In its continued struggle to supply us with head-scratching headlines, Yahoo has unveiled a pseudo-Web browser. Dubbed "Axis," the HTML5-based software command be a standalone browser for movable platforms including iOS and Android, while the desktop version installs as a chew-in that works with your existing browser, be it IE9, Chrome or Firefox. Both versions have the same goal of improving your browsing actual observation.
Yahoo says there's a moot point with how you currently browse: you put on the records of the court a query, you sift through clause links, then you click what's greatest in number relevant. Axis aims to eliminate — or at minutest enhance — that second step. Instead of sentence links, you see visual previews of satisfied behind said links (basically a snapshot of the location). This occurs as you're typing, in the way that you see results instantly — just viewed like you would with Google's Instant office of devotion enabled.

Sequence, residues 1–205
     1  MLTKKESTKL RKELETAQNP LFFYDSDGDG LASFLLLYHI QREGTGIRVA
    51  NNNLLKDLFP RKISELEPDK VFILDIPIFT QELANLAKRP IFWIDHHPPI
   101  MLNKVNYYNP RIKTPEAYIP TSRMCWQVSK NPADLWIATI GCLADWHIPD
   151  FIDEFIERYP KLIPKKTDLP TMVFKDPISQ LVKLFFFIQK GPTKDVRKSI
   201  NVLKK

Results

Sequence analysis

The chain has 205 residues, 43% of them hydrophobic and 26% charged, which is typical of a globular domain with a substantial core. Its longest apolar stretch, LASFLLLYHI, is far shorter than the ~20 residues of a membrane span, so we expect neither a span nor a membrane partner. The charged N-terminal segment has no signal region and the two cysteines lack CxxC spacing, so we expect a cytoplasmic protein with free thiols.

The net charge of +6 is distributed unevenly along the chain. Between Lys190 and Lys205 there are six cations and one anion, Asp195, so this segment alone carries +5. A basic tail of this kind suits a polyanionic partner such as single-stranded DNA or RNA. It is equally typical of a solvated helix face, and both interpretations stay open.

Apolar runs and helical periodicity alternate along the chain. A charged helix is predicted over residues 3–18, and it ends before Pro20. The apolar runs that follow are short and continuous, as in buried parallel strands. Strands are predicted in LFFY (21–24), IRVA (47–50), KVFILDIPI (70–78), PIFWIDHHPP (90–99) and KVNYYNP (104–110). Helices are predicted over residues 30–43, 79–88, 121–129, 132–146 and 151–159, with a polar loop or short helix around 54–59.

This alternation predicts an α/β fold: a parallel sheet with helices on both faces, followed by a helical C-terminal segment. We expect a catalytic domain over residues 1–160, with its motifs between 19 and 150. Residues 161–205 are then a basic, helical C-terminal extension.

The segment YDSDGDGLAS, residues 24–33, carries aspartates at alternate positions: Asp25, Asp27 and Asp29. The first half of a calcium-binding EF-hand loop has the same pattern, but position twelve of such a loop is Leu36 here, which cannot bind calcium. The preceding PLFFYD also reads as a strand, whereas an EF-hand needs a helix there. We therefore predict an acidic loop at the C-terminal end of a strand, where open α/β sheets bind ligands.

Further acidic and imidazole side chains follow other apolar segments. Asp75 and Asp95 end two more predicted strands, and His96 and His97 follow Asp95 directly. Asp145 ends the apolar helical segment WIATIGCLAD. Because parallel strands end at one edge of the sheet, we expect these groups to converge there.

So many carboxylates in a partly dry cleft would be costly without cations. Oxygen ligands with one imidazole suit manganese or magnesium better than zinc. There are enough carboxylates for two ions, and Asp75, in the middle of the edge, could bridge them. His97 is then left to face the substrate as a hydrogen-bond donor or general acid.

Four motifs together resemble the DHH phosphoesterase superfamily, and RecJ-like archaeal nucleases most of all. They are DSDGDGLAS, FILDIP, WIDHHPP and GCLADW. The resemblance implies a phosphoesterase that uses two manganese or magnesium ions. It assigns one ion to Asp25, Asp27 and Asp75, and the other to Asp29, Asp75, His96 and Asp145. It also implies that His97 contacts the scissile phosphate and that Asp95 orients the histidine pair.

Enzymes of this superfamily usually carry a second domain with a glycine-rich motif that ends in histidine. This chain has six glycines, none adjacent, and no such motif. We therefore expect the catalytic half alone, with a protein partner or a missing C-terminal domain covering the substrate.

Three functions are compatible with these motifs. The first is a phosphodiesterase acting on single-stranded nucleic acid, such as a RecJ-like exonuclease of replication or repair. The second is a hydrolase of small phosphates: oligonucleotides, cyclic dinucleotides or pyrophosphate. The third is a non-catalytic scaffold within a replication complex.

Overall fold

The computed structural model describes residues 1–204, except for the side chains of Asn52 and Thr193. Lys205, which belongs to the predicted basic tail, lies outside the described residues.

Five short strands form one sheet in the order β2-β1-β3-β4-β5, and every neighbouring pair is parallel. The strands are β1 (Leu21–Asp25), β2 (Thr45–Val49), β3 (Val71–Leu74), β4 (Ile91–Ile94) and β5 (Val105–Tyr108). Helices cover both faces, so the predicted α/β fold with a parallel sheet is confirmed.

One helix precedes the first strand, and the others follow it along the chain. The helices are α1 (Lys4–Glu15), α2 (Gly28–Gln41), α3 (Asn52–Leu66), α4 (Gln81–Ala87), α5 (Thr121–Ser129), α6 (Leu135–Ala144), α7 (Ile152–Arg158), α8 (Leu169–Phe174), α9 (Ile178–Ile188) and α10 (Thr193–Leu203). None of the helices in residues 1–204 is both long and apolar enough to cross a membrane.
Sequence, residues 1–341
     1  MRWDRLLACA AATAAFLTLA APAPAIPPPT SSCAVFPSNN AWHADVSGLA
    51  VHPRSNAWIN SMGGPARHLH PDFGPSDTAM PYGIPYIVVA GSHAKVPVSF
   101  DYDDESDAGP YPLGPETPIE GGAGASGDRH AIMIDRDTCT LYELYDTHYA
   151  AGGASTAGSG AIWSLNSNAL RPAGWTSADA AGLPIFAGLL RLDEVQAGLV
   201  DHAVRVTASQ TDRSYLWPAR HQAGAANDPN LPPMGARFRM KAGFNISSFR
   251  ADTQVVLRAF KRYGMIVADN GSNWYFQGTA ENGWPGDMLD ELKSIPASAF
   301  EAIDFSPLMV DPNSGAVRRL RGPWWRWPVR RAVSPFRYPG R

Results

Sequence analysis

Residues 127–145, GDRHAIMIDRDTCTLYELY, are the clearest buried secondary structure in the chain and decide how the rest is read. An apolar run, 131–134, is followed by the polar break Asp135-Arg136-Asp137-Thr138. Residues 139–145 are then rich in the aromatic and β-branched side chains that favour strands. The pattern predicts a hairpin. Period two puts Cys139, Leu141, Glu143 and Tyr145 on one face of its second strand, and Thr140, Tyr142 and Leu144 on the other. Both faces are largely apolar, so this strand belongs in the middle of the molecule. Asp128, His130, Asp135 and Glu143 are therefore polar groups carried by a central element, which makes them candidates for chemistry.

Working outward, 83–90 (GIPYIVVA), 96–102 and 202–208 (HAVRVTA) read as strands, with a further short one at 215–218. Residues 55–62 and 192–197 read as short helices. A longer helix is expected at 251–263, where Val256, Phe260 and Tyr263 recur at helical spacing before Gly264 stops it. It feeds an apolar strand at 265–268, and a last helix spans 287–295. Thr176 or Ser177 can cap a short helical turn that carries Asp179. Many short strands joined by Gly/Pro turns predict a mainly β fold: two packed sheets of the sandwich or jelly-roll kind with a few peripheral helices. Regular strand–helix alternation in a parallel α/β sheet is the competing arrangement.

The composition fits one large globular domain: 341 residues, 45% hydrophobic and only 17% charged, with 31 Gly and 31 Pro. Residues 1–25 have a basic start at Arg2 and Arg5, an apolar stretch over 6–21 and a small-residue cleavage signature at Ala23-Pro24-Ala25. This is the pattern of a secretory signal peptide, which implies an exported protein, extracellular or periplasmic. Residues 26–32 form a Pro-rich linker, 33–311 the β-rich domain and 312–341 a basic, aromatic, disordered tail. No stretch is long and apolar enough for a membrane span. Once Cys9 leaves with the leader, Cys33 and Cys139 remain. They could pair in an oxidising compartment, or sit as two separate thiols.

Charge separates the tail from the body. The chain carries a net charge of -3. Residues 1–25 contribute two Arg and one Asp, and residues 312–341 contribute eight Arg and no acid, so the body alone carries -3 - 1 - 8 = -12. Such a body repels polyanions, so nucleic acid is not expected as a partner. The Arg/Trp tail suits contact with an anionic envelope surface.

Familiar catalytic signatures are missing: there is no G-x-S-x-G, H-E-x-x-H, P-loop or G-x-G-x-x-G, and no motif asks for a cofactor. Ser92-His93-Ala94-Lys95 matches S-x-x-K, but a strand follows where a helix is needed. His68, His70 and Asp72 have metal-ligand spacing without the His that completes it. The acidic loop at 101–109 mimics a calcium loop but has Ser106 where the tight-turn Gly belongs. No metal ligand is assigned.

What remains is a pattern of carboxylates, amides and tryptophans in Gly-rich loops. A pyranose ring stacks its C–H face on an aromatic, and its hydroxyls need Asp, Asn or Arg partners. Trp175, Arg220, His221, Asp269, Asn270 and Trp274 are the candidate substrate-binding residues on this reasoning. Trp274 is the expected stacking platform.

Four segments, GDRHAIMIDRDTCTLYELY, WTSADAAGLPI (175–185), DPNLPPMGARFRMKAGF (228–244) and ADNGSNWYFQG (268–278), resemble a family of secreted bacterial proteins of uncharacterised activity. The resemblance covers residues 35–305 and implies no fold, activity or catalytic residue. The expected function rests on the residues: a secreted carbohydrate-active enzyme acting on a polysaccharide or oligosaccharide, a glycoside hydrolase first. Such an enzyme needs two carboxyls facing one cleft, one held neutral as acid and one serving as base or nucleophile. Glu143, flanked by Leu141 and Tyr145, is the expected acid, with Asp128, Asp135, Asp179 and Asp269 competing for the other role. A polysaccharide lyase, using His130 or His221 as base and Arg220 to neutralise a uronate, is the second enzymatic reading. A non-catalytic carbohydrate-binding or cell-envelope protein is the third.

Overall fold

The previews are displayed similar to thumbnails in a horizontal bar and space of time the results are more aesthetically agreeable, Axis doesn't seem to attend anything particularly revolutionary to the table. If anything, it's inferior useful in some ways. You look less results at a time — single in kind, in the case of my iPhone 3GS or two whenever using a desktop browser snapped to moiety screen, and it's harder to declare a verdict popular subpages, such as TechSpot's court of justice.
Besides offering a unique way to feed upon the Web, Axis is intended to improve your transverse-platform experience by syncing content from one side of to the other devices. If you're viewing a serving-boy on your desktop, you can spring on your iPad and pick up right where you left off. Naturally, this requires both devices to be logged into any one Yahoo, Facebook or Google+. It's desert noting that the Android version is silent in development and we haven't seen every ETA.